Apple is mulling over the decision to lower the 70/30 revenue system for app purchases and in-app micro transactions. The company is currently battling a number of alternative ecosystems such as Google Play and Amazon. If Apple were to lower its percentage it takes from purchases, it may make selling e-books, newspapers and magazines much more viable.
The current word on the street is that Apple is planning on offering publishers a better revenue system in order to make the Newsstand more viable. Publishers operate on razor thin margins and lowering the cut Apple takes for each subscription taken out, would be more appealing.
Apple has already lowered its fee system for Apple TV. They only take a 15% cut, instead of the normal 30%. This is primarily why so many new apps have been pushed out lately, such as HBO Now.
The Apple Newsstand as lost its sheen and many companies are not as bullish on the platform as when it first launched. In 2012, John Gruber said that Newsstand is a place where apps go to be forgotten. Today the Newsstand app is much worse. The folder-like design in iOS 5 and iOS 6 has been replaced with an opaque app icon. The end result is so horrible that it’s hard to avoid thinking it was done maliciously: if someone was tasked with hiding away a set of unwanted apps, they would be likely to come back with a design that was something very much like the iOS 8 Newsstand.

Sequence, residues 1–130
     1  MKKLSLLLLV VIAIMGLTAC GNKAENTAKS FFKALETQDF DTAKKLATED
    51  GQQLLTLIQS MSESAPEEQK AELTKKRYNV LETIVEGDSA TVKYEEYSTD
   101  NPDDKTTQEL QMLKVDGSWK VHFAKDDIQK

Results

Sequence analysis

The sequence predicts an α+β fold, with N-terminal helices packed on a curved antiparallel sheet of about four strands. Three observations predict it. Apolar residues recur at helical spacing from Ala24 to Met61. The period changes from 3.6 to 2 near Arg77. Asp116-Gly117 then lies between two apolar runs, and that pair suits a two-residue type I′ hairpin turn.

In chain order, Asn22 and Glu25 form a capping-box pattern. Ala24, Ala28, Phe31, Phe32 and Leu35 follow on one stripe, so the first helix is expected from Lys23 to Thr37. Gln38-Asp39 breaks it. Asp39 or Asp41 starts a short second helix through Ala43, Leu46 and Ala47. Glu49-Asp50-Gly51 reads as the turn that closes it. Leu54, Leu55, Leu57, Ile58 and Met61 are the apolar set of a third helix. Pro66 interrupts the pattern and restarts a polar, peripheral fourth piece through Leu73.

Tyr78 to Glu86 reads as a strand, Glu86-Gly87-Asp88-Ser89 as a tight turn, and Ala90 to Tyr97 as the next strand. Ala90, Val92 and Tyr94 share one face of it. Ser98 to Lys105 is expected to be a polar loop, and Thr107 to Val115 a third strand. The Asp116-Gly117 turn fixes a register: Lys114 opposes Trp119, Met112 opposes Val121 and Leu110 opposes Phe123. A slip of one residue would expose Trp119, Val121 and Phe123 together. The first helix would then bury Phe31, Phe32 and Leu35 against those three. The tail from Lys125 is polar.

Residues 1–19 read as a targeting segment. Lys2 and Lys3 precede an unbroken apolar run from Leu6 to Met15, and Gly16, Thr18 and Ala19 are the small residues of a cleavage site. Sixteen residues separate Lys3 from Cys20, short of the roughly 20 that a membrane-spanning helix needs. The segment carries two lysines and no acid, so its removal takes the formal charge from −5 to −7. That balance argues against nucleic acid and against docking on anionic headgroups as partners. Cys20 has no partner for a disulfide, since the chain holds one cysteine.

In 2014 Apple paid out $10 billion dollars in royalties from people downloading paid apps and making in-app payments. The one industry not getting anything are companies such as Amazon, Barnes and Noble, Kobo and Google. Rather than pay Apple as high percentage of each e-book purchase, they aren’t participating in likely the world’s most lucrative ecosystem.
If Apple does lower its revenue system to 90/10 or even 95/5 it might be the kick in the pants the publishing industry needs in order to sell e-books and still make a profit. It would also be more appealing to companies to give the Newsstand a second look.
Michael Kozlowski is the Editor in Chief of Good e-Reader. He has been writing about audiobooks and e-readers for the past ten years. His articles have been picked up by major and local news sources and websites such as the CNET, Engadget, Huffington Post and Verge.